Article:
Trolltech sees a billion Linux phones
If Linux is to grab a significant chunk of the mobile phones business in the coming years, as supporters hope, then much of its fate is in the hands of Trolltech.
The Norwegian software house is best known among software developers, for its GUI toolkit - rather unfairly, as it's been playing in the embedded arena for six years now, and recently the company is hiring like it means business.
Last autumn Trolltech announced it had lured both Karsten Homann, Siemens software VP, and Benoit Schillings, Openwave CTO, to Oslo. Schillings (vintage Q&A here) is the storied designer of the BeOS, and led the development of Openwave's V7 software suite. While Schilling reprises his former role as CTO, Homann heads up the integration side of the business, working with handset manufacturers.
But when we caught up with Trolltech's two founders on a recent swing through San Francisco, it wasn't the most talked-about market that they believe will dip towards Linux. Eirik Chambe-Eng and Haavard Nord are quite happy to let Symbian and Microsoft duke it out for ascendency in the smartphones segment.
It's the increasing complexity of feature phones where they're pitching their Qtopia embedded suite.
"Microsoft and Symbian are established in smartphones, they have good support for business applications. It's the feature phones and low-end that we believe will be a success for Linux," says Eng.
"We think Linux will dominate the market segment where the bill of materials (BoM) is around 60 to 70 dollars and down. That's not the smartphone segment but it's a mass market, around one billion devices shipped each year," explains Nord.
Linux has already been adopted on a big scale in Asia, he says, shipping on more smartphones than Microsoft, PalmOS and RIM combined. (That's at least double figures - ed).
Coming up on the blind side has its advantages. Trolltech's Qtopia has already notched up some impressive wins, and powers four Motorola phones including the A780. More significantly, Chinese giant ZTE and Datang are using Qtopia, the latter in testing China's home-grown 3G technology, TD-SCDMA.
To prove that these aren't just past glories, Harvaard and Erik showed off Motorola's Ming feature phone, soon to be corrupting the Chinese bourgeoise. And very nice it is too. (Reg preview.)
Trolltech bets that the increasing complexity of midrange phones - especially with the demand for a robust music player - makes today's modem-based phones unsustainable in the long run.
"The line between smartphones and feature phones will be totally blurred," he predicts.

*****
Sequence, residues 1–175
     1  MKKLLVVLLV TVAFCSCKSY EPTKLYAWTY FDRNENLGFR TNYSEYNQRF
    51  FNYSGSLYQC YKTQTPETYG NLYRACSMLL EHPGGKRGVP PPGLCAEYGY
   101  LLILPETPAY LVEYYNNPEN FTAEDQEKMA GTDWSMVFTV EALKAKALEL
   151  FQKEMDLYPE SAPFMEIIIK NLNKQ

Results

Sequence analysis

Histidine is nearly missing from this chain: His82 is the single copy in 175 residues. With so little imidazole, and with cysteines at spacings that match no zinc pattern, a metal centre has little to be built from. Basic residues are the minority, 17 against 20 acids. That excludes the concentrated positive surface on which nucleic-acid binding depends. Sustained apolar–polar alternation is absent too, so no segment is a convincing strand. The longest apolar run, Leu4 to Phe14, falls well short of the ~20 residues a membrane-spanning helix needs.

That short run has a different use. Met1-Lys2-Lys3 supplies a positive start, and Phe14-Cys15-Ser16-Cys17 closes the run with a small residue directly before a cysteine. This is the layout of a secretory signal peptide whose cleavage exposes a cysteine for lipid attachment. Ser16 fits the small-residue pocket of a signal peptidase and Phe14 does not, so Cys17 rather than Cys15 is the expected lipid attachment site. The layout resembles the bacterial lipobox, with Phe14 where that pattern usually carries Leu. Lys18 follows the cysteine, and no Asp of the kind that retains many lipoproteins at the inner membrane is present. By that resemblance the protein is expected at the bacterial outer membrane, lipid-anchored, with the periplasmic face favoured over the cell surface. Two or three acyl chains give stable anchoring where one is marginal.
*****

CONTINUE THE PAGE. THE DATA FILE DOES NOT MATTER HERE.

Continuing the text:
But it's not going to be easy getting from here to there. The most talked-about phone at 3GSM in February was Sony Ericsson's W950, which is a single chip smartphone with a midrange price. With one chip running the baseband radio and the applications processor, manufacturers can create some BoM savings, and take high end features to a mass market. But it needs a real-time OS, capable of handling the signalling stacks, something Symbian has but Microsoft doesn't, and probably won't for another couple of years. Does Linux?
"Trolltech is working with handset manufacturers that are building Linux handsets based on single core, so these phones are being prepared to ship - but the timing is hard to tell," says Nord.
MontaVista and others, he adds are developing a real time-hardened Linux supporting single core.
"There will be phones this year that use this," he says. "It can be done either by real-time extensions to the Linux kernel, such as the software developed MontaVista, or by virtualizing."
The pair acknowledge that for one-off phone projects, Linux doesn't really have time to market advantages. But they're adament that for projects encompassing several phones, the opportunity to speed up tailing each device presents itself. ®
But Trolltech doesn't believe the GPL holds much appeal - and Qtopia isn't free software. Trolltech helped pioneer a dual license approach, and believes that the GPL doesn't hold the same appeal for hardware manufacturers that it does for software developers.
"The phone guys want to retain control," says Eng.
"There's an aspect of the GPL which is 'viral', which manufacturers don't like," adds Nord.
Qtopia is popping up in some curious places. Sprint is offering the Kangaroo TV handheld for rent during NASCAR races. And it's already in one VoIP handset, Leadtek's recently announced Videophone.
One place it won't be, at least for the forseeable future, is in a Palm PDA. Eng says that Trolltech was talking to PalmSource at one stage last year, but a deal never materialized.
PalmSource had acquired a Chinese Linux handset vendor late in 2004, and during the spring revised its strategy again, focussing new development entirely on Linux. PalmSource was acquired by Japanese mobile browser company for over $300m late last year, and announced its Linux roadmap in February. In a couple of years it might be where Qtopia is today.
"We talked to them before the acquisition by Access. Obviously we were disappointed."
That's a reet shame. ®
Sponsored: Becoming a Pragmatic Security Leader